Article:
When to pick and how to ripen pears to perfection

Pear photo
Photo courtesy of Pear Bureau Northwest.
Last Updated: 
July 31, 2009

CORVALLIS, Ore. - Perfectly ripe pears are a luscious treat. But how many times have your pears sat on your counter, then stayed rock hard, got gritty or rotted without getting sweetly ripe?

Unlike apples, most pear varieties do not ripen nicely while still on the tree. Pears that are allowed to become too mature or to ripen on the tree develop a coarse, mealy texture and often have core breakdown.

Whether you grow pears at home, or buy them in the store, it is sometimes challenging to know when to pick them, then how long to ripen them to perfection. And how do you tell when a pear is ready to eat?

David Sugar, who has spent most of his career studying fruit physiology at Oregon State University's Southern Oregon Research and Extension Center in Central Point, says pears are tricky, but not really difficult, to ripen just right.

Pears picked when slightly immature will ripen with better quality than pears that are over mature when picked. To tell if a pear is mature, a general rule of thumb is that, while still on the tree, most mature, ready to ripen pears will usually detach when "tilted" to a horizontal position from their usual vertical hanging position. Bosc pears always are difficult to separate from the spur.

"Unlike apples, which are ready to eat from the day they are picked, pears must go through a series of changes before they can deliver their full splendor," explained Sugar. "Pears do not ripen on the tree to our liking. If allowed to tree-ripen, pears typically ripen from the inside out, so that the center is mushy by the time the outside flesh is ready."

"Commercial pears are harvested when they are 'mature,' he continued. "In pear language, that means they are picked when they have reached the point where they will ripen to good quality, sometimes with a little help, but definitely OFF the tree.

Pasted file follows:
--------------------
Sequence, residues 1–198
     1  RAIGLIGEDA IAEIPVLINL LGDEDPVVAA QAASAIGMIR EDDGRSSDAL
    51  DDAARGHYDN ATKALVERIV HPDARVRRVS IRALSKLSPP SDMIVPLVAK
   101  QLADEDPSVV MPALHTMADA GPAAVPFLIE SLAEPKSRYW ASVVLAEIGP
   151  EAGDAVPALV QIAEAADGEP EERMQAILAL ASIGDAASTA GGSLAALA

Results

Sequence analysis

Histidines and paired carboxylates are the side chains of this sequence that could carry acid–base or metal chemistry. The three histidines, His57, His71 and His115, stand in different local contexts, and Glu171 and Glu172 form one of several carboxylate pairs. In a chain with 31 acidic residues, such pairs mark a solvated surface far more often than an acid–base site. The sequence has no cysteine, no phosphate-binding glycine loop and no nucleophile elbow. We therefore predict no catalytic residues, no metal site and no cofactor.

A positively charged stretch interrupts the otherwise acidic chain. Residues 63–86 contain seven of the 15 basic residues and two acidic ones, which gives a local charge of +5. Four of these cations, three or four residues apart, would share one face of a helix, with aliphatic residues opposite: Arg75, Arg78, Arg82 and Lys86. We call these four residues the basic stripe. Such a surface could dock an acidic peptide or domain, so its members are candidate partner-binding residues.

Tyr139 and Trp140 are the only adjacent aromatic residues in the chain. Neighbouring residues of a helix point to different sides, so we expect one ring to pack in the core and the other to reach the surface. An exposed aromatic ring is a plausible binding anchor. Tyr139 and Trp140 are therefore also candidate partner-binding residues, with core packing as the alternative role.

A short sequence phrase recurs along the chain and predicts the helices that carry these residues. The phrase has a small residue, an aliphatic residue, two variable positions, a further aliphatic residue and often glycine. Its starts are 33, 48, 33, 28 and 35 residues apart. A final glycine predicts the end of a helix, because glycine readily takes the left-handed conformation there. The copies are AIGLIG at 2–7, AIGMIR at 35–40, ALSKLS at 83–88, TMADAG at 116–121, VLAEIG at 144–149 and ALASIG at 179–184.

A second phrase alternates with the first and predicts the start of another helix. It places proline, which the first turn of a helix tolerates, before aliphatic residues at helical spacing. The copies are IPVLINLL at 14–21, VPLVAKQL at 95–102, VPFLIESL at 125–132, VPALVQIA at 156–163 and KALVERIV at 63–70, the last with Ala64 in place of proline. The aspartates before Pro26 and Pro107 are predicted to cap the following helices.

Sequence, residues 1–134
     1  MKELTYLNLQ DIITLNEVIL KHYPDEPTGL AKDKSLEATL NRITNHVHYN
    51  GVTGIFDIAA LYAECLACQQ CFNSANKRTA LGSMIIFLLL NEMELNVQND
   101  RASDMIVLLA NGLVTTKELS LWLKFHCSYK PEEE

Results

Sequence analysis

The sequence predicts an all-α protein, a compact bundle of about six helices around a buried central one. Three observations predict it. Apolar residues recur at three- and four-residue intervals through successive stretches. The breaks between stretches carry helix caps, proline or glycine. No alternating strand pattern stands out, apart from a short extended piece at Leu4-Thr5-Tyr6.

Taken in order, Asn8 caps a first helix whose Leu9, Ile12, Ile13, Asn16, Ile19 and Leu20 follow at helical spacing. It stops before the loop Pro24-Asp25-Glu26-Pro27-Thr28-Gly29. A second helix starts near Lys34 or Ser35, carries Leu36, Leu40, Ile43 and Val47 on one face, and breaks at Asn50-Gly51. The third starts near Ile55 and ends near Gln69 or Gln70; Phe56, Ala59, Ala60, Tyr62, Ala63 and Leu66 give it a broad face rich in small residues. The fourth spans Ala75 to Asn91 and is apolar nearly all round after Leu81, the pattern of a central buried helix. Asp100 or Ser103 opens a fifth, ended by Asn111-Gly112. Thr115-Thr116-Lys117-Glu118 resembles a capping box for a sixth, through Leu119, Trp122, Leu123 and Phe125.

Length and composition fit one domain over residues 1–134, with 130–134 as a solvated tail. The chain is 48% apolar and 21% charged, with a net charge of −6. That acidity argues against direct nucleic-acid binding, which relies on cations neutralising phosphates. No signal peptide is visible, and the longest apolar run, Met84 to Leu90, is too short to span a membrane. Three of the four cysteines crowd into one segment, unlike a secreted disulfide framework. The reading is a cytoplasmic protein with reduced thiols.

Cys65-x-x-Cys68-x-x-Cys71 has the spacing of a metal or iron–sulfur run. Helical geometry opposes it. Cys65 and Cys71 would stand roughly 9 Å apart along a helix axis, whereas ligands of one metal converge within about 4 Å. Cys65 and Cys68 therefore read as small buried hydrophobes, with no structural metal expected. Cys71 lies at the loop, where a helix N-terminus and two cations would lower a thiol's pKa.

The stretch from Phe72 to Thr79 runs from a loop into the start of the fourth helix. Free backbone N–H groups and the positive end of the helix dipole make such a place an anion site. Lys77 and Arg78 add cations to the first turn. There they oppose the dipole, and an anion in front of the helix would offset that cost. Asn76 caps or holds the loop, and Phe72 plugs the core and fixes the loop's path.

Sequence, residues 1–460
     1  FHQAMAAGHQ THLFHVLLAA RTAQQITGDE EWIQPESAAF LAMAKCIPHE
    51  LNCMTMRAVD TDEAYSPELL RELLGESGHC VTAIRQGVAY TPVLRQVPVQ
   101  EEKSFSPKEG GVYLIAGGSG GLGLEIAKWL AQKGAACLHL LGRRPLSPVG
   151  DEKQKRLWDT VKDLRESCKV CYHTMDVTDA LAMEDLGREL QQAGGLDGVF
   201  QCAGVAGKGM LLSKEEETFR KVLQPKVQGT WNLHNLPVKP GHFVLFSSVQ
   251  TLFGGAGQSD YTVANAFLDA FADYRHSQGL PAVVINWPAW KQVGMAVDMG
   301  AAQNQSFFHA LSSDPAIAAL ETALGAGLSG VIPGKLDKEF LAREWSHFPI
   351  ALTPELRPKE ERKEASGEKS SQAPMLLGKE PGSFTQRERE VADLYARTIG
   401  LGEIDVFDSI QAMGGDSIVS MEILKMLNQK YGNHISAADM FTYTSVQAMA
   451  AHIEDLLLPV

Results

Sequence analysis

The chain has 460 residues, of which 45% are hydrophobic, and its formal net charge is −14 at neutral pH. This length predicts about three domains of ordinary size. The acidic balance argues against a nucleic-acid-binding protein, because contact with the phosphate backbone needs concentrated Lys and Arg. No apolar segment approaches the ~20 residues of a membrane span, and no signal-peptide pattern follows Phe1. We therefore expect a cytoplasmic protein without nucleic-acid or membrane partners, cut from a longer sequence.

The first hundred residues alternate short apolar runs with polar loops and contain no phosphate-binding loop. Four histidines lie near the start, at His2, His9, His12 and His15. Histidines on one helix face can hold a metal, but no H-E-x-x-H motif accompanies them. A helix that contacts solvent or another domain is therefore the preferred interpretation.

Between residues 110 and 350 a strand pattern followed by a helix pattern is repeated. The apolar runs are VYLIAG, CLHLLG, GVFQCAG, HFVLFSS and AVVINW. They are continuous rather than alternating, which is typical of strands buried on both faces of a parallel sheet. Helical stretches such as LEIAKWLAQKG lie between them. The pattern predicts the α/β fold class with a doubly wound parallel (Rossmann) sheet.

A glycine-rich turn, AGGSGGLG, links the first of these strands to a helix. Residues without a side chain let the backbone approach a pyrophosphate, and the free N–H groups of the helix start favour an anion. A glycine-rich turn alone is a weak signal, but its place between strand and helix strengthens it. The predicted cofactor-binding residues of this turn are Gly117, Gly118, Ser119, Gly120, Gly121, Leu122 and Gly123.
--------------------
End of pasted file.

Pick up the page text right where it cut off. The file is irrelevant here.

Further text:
"So the frequently heard notion that pears are picked when they are still hard and green as a convenience for enduring the long truck ride to market misses the point," Sugar quipped.

Once commercial pears are picked, growers cool them down to about 30 degrees F. They don't freeze at this temperature, because the fruit sugar acts like an antifreeze.

"The colder the pears are, the longer they'll stay in good condition," said Sugar. "In fact, they actually need to be cooled in order to ripen properly."

Bartlett pears need to be cooled only for a day or two, and winter pears such as Anjou, Bosc and Comice require 2 to 6 weeks for optimal effect, he said.

"Without this chilling process, a mature picked pear will just sit and sit and eventually decompose without ever ripening," explained Sugar.

The pears sold in the grocery store or delivered by companies such as Harry and David are mature and have already received their postharvest chilling. They are ready to ripen, according to Sugar.

"Pear ripening must be closely watched," he warned. "There is a relatively narrow window between 'too hard' and 'too soft' where the perfect pear texture lies."

Sugar recommends ripening pears at 65 to 75 degrees F for the following times: Bartlett, 4 to 5 days, Bosc and Comice, 5 to 7 days; and Anjou, 7 to 10 days. The longer the time the pears have spent in cold storage, the shorter the time to ripen them, he said.

"As ripening begins, pears produce ethylene gas, a ripening hormone, inside the fruit," explained Sugar. "This speeds the ripening along. The ripening time gets shorter as the time since harvest passes."

Pear lovers can "kick start" the pear ripening process by putting freshly bought or newly harvested pears in a paper bag with a ripe banana or an apple, both of which give off copious quantities of ethylene gas. The bag keeps the gas near the pears, which soak it up and quickly begin producing their own.

How do you tell when a pear is ripened to perfection?

"Hold the pear gently but firmly in the palm of your hand, as a baseball pitcher might hold the ball while studying signs from the catcher," recommended Sugar. "Apply the thumb of that same hand to the pear flesh just below the point where the stem joins the fruit. When the flesh beneath your thumb yields evenly to gentle pressure, it is time to eat your pear. If you have to push more than slightly, it is not ready yet."

And what is the best way to eat a perfectly ripe pear?

"After years of study, scientists have found that a really juicy pear is best eaten while naked, in the bathtub, so that you needn't be concerned about the abundant juice streaming down your chin," he laughed.

For more information about the timing of picking and storing various varieties of pears, refer to OSU Extension Service's publication, "Picking and Storing Apples and Pears," (FS 147) online. Or call 1-800-561-6719 to purchase a printed copy.

To learn how to identify those pears in your garden or farmer's market, visit the Pears USA website.

Author: Carol Savonen
Source: David Sugar